“The Same Thing”
Like its finest parts, I like to treat this album as a deviation from what it was supposed to be. Think of it as a compilation: “Where were they then? Works by three of the last decade’s best pop producers/songwriters.” The album sounds a lot better this way, and it will make a lot more sense.
If Emitt Rhodes was the best album that Paul McCartney never recorded, then The Fire Theft is the best album that Sunny Day Real Estate never recorded. Except…that’s not an entirely accurate statement because, well, The Fire Theft pretty much are Sunny Day Real Estate, minus one member. Sunny Day Real Estate was one of the best bands to come out of Seattle in the 90’s that nobody has heard of. Often horribly mislabeled as the founders of “emo,” SDRE carved a truly unique niche in the 90’s Sub-Pop catalog and evolved to become significantly more artistically minded than any of their contemporaries.
The band was never too concerned with recognition, they were notorious for shunning interviews and very little if any live footage of them exists, despite this medium being their primary pathway to whatever fame they did achieve. It is because of this and their similarly unmarketable decision to rename themselves that has led to the softening of their historical impact. Really, there is not much difference between SDRE’s “final” album, The Rising Tide, and The Fire Theft’s first album, other than slight personnel changes; both albums maintain three fourths of the original band. The real difference is the sound: play SDRE’s 1994 release Diary up against The Fire Theft’s 2003 eponymous debut and you’ll realize why people forget they are the same group.
But perhaps the name change was necessary, because despite mainting the majority of members from SDRE, The Fire Theft is a significantly more mature band. Instead of simply crafting concise pop songs, vocalist/guitarist Jeremy Enigk, bassist Nate Mendel and drummer William Goldsmith constructed a real album. Complete with instrumentals, stacked vocal harmonies, string sections, samples, loops, and electronics all squeezed between intros, interludes, reprises and outros, The Fire Theft makes Diary seem like a demo tape.
Because of this newfound adventurousness, when all is said in done, these are also the best songs the band has ever written. When, after the haunting instrospection of the album’s opener “Uncle Mountain” and the curious “segue” (or [p]reprise) which is the second track, the crashing beat of Goldsmith’s drums fall 1 minute and 10 seconds into “Oceans Apart,” and we begin to realize this is not traditional fare. The song continues to build for 3 more minutes until it stops, almost suddenly, and only later do we realize that these entire first three songs and 11 minutes have been serving as the album’s introduction.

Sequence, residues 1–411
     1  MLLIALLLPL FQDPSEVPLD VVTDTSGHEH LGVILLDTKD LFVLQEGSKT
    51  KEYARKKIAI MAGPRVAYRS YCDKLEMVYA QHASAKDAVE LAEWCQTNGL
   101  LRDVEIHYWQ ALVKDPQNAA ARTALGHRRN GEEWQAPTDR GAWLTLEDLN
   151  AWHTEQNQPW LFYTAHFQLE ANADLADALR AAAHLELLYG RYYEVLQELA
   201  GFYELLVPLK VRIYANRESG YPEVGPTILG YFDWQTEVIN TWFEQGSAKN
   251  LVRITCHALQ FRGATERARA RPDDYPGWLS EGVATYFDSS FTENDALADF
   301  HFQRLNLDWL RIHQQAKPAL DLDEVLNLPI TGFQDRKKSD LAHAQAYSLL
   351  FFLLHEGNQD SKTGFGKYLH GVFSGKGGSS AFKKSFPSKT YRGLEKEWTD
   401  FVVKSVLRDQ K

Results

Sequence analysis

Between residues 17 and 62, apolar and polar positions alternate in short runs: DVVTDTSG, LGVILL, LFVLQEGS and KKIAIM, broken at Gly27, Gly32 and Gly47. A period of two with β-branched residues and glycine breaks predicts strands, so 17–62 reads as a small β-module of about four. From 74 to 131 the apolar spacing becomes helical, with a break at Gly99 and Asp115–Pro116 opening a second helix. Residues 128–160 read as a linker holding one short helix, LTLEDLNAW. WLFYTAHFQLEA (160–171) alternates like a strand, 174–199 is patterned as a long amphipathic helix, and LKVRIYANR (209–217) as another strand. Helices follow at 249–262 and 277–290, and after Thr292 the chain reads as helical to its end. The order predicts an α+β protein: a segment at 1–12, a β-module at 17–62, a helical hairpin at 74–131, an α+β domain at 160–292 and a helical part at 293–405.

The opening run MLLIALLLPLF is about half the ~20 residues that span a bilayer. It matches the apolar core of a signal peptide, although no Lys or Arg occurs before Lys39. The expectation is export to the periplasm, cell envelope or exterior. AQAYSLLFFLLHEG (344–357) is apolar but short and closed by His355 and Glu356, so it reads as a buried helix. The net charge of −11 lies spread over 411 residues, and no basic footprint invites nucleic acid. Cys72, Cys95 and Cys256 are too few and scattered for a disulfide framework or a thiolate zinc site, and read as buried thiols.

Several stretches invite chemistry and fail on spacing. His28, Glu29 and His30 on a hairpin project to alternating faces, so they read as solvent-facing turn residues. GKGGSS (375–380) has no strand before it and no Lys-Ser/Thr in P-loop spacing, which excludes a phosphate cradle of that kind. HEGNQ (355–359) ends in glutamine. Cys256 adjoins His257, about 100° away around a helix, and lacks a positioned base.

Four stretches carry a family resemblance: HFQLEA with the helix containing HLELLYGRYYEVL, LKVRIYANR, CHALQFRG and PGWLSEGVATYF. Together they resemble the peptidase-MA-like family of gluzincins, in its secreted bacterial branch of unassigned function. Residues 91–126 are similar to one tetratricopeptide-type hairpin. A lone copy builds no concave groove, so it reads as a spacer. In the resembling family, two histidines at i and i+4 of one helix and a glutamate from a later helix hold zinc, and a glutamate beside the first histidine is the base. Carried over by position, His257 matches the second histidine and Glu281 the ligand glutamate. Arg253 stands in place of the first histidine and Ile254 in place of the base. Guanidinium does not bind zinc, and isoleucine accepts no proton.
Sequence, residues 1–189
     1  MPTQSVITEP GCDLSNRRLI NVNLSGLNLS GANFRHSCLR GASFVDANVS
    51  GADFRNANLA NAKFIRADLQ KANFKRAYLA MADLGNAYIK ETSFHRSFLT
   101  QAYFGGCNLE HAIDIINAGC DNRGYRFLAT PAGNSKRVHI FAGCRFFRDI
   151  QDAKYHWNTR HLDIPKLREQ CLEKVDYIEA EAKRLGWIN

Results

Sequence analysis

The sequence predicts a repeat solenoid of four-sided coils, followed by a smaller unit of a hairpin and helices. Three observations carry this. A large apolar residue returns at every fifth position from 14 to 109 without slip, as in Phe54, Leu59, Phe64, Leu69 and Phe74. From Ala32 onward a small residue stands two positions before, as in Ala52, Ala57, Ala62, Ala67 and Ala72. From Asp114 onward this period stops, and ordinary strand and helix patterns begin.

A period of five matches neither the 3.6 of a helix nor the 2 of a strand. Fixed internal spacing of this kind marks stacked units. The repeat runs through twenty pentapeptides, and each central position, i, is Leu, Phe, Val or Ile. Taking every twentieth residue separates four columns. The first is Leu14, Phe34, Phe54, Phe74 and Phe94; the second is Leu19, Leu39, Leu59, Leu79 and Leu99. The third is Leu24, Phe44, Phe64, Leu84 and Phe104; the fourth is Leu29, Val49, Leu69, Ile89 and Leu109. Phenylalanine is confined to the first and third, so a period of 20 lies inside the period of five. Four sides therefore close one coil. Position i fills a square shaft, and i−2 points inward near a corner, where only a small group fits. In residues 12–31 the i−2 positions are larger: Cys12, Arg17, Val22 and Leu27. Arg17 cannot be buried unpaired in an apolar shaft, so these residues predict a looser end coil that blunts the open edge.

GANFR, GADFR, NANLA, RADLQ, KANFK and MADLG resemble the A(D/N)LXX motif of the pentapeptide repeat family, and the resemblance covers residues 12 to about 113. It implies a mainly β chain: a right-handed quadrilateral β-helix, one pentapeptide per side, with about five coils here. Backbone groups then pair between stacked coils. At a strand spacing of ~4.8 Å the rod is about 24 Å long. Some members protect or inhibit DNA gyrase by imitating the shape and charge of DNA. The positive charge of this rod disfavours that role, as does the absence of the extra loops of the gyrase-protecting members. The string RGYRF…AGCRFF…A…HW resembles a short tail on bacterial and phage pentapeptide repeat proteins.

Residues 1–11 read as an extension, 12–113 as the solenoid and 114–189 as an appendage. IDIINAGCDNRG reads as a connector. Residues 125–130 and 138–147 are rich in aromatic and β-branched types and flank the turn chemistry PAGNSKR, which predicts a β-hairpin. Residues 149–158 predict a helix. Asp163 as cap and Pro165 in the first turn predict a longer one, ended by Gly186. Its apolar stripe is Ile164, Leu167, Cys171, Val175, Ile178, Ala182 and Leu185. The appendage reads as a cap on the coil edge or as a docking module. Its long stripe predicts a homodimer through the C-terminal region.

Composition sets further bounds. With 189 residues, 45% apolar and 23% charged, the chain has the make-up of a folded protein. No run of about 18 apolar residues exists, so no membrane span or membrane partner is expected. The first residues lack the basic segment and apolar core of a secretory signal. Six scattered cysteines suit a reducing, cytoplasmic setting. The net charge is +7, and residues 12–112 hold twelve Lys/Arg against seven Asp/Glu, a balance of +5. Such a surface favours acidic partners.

The sixth song on the album, “Summertime”, highlights the experimentation on this album. Enigk’s voice soars over the strings and keyboards when he takes his voice, powerful as ever, up an octave in the second verse. The familiar power of Enigk’s guitar is mixed with the previously unfamiliar strings and electronic loops that fade out the track.
“Heaven” is probably the best track on the album, a track which effortlessly summarizes everything I have been trying to convey about the album. Enigk again uses his voice remarkably effectively on this track, and the ever-growing harmonies that begin at 2:22 bring it to an incredible climax before the band returns to the idée fixe of the album at 2:55 and then fades to a simple, lingering piano line.
Yet, like I said before, despite everything else that makes The Fire Theft distinctly significant within the SDRE/TFT catalog, it is the magnificent songwriting that holds the record together. “It’s Over” is probably the best concise “pop” song on the record. The mix of Enigk’s insatiably catchy guitar loop, Mendel’s creative and every-developing bass support, Goldsmith’s unique drumming on the chorus, the band’s harmonies, their build to the chorus, and of course the totally unexpected ending of it all contribute to the song’s beauty in simplicity and lucidly illustrate a band that was not only meant to be, write and play together, but were destined to grow and mature together as well. This album is the result.
This live video of “the Clock” is interesting for a couple reasons. First of all, it’s just a damn good performance. Originally I didn’t like this track on the album, but after seeing this video I went back. I think it speaks volumes about Yorke as an artist that he didn’t record the song like he performs it. He strove to express the song in a different way than how he wrote it. It is usually by such means that we make a good thing great. Perhaps this time it didn’t work out (see: my original opinion of the album-version of the song), but its the effort that counts. Here are the two versions: